365 Days of Krav-life.

Picture credit: G C Montgomery

It’s been a year.

365 days.

An entire year since I stepped in to Fight Back Fit in Houston and took my very first Krav-class (which left me hobbling for three days straight!) and embarked on my journey to be an utter badass.

In the last year?

I’ve tried Krav Maga, Muay Thai, Eskrima/Kali, White Collar Boxing and, most recently, kickboxing.

I don’t even know who I am any more – and know what? That’s a good thing.

You think you know yourself.

Or, at least, are pretty sure of who you are.  What your limits are, how you’d react in certain situations and what you’re capable of.

If I learned anything in my Houston Krav time?

It’s that I had no freakin’ clue who I really am, what I was capable of, or what my limits are.

Also?  I’ve never before, in all my life, had a piece of clothing in my wardrobe that HAD to be clean at all times.  Something so important to you, so iconic in your clothing range, that you absolutely have to have it clean, dry and ready to rock at a moments notice.

Until now – my yellow belt t-shirts are THAT piece of clothing.

Post yellow belt testing!

So.  I let a couple days pass me by, then weeks, then a few more weeks (and months), in the hopes that maybe I could organise some form of rational thought, and get past the elation and overwhelming pride in myself before putting something together on paper.

I thought that perhaps, with letting a little time pass, it would all start to sink in and maybe even be a little less surreal.  However, all those months seem to have done? Was allow my black and blue body, to become even more black, and blue – which have raised a few eyebrows whilst out and about in public, and eventually fade back to normality, and cause some serious cabin-fever to set in from not fighting lately.  But what hasn’t started to fade?  What isn’t gone? And I’m honestly not sure it ever will…it my overwhelming pride in myself for what I achieved.

On Sunday 18th September, I faced what I’d consider to be one of, if not THE biggest personal challenge I’ve ever faced in all my days…  My level 1, yellow belt test, in Krav Maga. (For those of you who haven’t yet read my original post on Krav, you can find it here.) Nineteen weeks and three days after walking in to the Fight Back Fit (FBF) Krav studio, I hobbled out of there with my yellow belt (and a ‘you survived your test, here’s a kit to survive the next few days of pain’ gift, from my testing partner, Jennifer, containing things like Advil, Tiger Balm, bath salts and an ice pack!)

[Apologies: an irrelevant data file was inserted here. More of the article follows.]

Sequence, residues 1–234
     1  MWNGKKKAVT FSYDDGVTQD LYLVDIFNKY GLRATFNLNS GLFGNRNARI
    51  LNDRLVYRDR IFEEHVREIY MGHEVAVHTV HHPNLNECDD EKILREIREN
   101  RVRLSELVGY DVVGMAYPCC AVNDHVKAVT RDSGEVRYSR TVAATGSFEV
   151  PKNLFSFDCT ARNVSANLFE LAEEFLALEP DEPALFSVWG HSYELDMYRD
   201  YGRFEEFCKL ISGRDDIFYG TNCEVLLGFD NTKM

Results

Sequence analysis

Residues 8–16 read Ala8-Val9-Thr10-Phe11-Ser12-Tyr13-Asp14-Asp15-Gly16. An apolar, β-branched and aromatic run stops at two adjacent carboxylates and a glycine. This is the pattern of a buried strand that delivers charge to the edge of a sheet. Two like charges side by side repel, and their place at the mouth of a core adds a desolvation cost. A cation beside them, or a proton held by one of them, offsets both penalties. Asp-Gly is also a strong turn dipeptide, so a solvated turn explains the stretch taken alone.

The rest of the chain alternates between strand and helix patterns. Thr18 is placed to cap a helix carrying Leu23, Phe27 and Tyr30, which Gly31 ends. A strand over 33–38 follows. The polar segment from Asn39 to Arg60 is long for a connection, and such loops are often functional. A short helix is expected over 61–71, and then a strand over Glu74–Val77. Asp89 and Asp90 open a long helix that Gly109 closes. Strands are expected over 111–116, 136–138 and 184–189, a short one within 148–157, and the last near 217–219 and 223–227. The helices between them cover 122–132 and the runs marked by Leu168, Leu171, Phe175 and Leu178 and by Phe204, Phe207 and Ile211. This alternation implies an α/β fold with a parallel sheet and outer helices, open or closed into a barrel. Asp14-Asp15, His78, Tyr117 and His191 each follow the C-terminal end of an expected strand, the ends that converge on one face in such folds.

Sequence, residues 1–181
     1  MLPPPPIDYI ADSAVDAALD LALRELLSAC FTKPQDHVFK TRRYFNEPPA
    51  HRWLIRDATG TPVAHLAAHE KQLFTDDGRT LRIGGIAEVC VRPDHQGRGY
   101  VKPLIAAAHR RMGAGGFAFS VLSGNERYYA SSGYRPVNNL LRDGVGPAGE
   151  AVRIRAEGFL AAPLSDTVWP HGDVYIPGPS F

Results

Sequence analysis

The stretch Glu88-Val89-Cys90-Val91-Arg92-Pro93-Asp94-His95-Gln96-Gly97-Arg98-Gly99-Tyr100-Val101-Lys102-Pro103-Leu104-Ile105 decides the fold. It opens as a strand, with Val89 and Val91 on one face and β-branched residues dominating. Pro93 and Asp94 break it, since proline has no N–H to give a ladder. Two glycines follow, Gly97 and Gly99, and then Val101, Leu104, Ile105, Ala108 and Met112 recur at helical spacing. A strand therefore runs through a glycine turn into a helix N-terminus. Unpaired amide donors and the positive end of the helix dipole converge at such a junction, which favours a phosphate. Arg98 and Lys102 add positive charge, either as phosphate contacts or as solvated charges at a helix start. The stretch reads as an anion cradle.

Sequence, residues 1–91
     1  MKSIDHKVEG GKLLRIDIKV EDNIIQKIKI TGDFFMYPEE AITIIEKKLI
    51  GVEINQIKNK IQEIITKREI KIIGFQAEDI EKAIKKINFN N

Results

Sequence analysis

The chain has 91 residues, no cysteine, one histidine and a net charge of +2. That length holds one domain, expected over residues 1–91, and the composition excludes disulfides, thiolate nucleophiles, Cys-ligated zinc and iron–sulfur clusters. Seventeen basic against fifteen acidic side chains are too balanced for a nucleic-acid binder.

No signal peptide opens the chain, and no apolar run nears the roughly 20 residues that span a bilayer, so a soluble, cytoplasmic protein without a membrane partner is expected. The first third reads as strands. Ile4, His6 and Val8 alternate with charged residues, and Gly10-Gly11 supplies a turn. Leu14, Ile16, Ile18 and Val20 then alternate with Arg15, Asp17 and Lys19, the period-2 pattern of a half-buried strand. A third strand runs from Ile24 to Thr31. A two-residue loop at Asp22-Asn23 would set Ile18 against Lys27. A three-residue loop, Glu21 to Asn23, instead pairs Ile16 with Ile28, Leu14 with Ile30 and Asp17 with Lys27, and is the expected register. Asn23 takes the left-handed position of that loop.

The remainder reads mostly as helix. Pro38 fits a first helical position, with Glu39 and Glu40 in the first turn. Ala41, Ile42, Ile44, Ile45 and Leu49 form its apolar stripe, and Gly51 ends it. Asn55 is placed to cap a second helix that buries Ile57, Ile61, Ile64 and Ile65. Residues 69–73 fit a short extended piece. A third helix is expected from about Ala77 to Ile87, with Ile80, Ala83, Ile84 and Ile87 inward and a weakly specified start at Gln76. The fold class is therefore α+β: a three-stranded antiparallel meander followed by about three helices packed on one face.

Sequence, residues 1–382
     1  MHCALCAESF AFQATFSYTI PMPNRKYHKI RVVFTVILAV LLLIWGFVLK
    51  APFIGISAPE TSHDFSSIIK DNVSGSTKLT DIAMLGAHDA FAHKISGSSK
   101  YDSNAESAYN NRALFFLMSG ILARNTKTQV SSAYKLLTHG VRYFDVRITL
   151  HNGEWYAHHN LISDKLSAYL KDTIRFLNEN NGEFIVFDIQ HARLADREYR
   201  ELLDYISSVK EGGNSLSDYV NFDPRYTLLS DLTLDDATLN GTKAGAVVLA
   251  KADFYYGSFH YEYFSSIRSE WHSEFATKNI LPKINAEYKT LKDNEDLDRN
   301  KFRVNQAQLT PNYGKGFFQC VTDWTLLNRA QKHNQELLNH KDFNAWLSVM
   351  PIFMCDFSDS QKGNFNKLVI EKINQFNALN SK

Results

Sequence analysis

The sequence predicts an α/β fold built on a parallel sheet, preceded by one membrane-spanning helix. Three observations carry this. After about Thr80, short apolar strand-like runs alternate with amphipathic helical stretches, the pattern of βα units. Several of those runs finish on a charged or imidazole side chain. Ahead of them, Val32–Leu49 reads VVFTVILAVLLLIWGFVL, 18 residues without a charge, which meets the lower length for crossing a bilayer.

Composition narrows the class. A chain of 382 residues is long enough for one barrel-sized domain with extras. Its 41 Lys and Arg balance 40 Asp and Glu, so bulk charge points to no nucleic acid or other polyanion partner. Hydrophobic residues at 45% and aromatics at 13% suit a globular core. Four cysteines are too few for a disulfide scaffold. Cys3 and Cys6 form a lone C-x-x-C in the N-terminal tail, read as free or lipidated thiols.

As I entered my last couple weeks in Houston, I give some real thought to all the things that I accomplished during my time there – and, second only to having my son, nothing fills me more with pride than having completed this achievement – in my entire life.

The most badass group of bitchez around!

I think the saying is ‘it takes a village’, right? And I don’t think I ever truly realised the depth of truth in that saying, until the moment I walked (hobbled) out of the gym with my yellow shirt on.

From my fantastic instructors, Jeanna, Mike and Dan, who not only teach well (well enough that I even learned a ton from other students in the gym), but, more importantly, listen well – to feedback, to questions and to requests for what I needed to work on in the weeks and months leading up to my test.  Fantastic instructors, who gave good, constructive feedback, never made me feel like an idiot for trying something,  whether I sank or swam, who recognised my strengths, weaknesses and limits – and challenged me beyond all of them.

To my solid training crew.  Group message nagging to get my backside to class, pushing my limits (both physical and mental) during training, and socialising (eating) when we were done kicking butt.

I’ve very recently lost a mentor, a coach, the very guy who encouraged (and even ‘gently’ shoved) me in to walking up those stairs to the Krav loft at FBF, and I almost wasn’t going to mark my anniversary at all.  Until I gave it a second thought.  I thought about what he’d want for me to do, about how much of an important milestone it is for me in my life and how he’d be pretty devastated to know that I didn’t mark it somehow.

I don’t think I’ll fully be able to put in to words just what a difference taking that first step in to the gym has made to my life as a whole.  I was terrified, shaking, even.  I’ve mentioned it any number of times around this blog, but, there’s often this ‘fat girl’ thing in the gym, those uber fit dudes and gals who make it look so easy, who can go pump iron for an hour or two, and not so much as sweat a single freakin’ bead.  Whereas me? I look at the gym from the car park, my face turns a deep shade of beetroot and I get under-boob sweat. I don’t know how to use the machines, I’m super intimidated by fit people, I utterly abhor exercise and I confess to having my own ‘fat girl’ complex, never mind the ‘fat girl’ complexes the *actual* fit people may have, when they see a plus sized chick walking in to their gym.